The former Meghan Markle was spotted by paparazzi on Vancouver Island in leggings and boots as she held 8-month-old Archie in a baby carrier while walking her dogs.
The informal shot of the Duchess of Sussex marks a break from the usual photos of her while living in Great Britain.
"I think it's really interesting, when you look at the coverage over the past year or so, never once did we see a candid shot of Meghan walking the dogs when they were living in Windsor,'' NBC News London correspondent Kelly Cobiella said on TODAY Tuesday. "Now we've not only seen Meghan walking the dogs, but Harry arriving at the airport, (and) Meghan taking off from the airport to one of her events last week, so things may have already changed."
Harry and Meghan will enjoy less legal protection of their privacy in Canada than they did in England, Cobiella noted.
"The privacy rules are really, really strong here (in Britain) in part because of Harry and William, and the days when they were growing up, those privacy rules were put in place to protect them for the large part,'' she said. "Now they're moving to a place where those rules don't apply."
That doesn't mean the prince and his wife won't put up some resistance. Lawyers representing the couple sent a letter to British news outlets Tuesday — a day after the photos of Meghan, Archie and her dogs were published widely — warning of legal action if they purchase and publish pictures taken by photographers trailing them.
Harry flew back to Vancouver Island overnight to be with his wife and son after a whirlwind stretch in London in which the couple formalized their new arrangement in which they have stepped back from their duties as senior members of the British royal family.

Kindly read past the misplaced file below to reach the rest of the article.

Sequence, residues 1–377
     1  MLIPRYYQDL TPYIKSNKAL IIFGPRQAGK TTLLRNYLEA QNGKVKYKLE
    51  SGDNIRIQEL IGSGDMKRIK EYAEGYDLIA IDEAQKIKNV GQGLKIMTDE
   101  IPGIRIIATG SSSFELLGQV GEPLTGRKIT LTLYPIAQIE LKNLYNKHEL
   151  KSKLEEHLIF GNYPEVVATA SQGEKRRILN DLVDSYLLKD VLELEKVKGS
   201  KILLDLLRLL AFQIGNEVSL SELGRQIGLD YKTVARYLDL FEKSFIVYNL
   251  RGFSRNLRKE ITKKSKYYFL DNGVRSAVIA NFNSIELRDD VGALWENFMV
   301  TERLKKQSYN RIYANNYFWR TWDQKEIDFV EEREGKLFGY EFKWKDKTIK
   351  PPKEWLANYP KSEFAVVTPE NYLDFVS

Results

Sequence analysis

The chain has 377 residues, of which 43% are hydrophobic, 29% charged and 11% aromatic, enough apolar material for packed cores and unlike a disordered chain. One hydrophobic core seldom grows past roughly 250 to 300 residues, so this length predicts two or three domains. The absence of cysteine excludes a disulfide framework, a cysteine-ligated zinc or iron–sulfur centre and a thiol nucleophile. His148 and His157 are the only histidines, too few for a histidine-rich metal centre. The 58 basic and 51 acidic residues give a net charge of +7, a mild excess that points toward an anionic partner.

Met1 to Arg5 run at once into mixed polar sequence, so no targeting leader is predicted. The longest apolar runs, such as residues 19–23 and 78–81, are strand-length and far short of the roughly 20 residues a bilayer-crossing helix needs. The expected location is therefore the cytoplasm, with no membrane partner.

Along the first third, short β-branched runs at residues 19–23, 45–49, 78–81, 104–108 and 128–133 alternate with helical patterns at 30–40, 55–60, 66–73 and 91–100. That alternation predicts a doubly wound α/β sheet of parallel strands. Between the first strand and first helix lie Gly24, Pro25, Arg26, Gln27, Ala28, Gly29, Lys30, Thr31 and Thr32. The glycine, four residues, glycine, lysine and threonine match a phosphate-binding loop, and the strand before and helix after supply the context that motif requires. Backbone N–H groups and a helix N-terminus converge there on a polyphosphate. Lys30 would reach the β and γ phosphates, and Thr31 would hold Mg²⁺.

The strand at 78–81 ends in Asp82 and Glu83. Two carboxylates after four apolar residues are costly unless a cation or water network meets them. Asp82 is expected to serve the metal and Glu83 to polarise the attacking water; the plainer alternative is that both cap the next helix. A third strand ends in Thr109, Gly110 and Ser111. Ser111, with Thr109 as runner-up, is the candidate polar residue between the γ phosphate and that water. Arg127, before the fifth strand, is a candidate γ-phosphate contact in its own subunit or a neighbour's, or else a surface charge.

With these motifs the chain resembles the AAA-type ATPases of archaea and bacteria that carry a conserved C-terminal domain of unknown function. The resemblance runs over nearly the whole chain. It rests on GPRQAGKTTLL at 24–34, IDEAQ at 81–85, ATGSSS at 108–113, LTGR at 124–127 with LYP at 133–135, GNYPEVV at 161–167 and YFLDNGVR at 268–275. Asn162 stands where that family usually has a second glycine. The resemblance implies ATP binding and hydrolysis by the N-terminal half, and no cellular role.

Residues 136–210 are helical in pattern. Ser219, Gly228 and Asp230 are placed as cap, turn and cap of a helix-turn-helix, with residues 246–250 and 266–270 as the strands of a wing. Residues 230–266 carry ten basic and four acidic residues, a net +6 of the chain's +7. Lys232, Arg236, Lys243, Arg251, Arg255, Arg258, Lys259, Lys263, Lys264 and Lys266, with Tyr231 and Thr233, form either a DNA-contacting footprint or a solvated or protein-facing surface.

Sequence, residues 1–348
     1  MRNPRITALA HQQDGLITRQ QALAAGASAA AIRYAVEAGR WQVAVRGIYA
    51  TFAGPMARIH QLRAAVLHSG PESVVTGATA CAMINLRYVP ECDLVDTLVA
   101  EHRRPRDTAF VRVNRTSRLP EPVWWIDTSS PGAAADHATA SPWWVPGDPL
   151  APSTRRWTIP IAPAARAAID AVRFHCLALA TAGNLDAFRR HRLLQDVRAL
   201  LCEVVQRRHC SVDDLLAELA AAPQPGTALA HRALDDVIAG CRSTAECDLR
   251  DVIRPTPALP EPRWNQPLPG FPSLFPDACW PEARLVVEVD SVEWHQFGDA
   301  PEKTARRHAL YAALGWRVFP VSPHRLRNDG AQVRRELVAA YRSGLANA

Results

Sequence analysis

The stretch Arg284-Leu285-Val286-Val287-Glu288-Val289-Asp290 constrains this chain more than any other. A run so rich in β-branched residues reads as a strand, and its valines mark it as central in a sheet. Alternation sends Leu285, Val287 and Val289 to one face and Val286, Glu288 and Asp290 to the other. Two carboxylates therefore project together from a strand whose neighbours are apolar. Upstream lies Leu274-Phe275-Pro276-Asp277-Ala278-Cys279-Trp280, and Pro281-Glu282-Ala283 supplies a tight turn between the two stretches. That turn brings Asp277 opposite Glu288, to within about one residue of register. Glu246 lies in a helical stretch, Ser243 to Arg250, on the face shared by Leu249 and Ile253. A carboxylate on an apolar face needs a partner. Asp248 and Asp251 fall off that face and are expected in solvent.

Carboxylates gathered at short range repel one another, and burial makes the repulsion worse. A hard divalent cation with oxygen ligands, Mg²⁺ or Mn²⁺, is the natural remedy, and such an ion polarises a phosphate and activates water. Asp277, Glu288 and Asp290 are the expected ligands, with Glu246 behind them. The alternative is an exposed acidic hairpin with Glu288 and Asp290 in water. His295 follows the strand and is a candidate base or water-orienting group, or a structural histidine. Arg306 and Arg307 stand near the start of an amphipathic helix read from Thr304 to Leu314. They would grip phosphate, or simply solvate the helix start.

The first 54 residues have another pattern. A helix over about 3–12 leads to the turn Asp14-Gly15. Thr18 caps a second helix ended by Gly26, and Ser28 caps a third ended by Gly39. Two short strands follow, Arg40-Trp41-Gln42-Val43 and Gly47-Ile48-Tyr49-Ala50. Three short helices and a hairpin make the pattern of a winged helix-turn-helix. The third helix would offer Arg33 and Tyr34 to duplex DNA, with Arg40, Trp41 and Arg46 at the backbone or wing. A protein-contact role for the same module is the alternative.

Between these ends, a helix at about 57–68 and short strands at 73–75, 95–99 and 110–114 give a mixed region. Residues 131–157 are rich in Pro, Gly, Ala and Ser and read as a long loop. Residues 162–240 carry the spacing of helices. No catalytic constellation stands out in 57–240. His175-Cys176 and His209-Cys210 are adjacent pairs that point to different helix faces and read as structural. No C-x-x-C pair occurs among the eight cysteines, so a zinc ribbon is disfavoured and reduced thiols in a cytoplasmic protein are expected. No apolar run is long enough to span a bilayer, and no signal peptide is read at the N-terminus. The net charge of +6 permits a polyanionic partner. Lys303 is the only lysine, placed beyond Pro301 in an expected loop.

The return to Canada comes after Queen Elizabeth II announced Saturday that Harry and Meghan will no longer user their "royal highness" titles or receive public money.
The historic arrangement came just over a week after he and Meghan made the bombshell announcement on Jan. 8 that they planned to "step back" from their royal duties.
"Once Meghan and I were married, we were excited, we were hopeful, and we were here to serve,'' Harry said at a charity dinner in London Sunday night. "For those reasons, it brings me great sadness that it has come to this."
"This is a young man who is clearly very torn, very divided, very sad at having to leave but clearly in his own words he felt that he had no other option,'' Vanity Fair royal editor Katie Nicholl said on TODAY Tuesday. "I think that they yearn for a more peaceful life. Whether or not they're going to have that in Canada is another matter altogether."
While Harry was in London finalizing the terms of their new life with the royal family, Meghan was seen boarding a sea plane in Canada, making an appearance at a Canadian charity and picking up a friend at the airport in British Columbia in the past week.
Questions still remain about how Harry and Meghan will earn a living now that they will no longer receive taxpayer money, where they will ultimately make their home, when they will return to Britain and who will pay for security.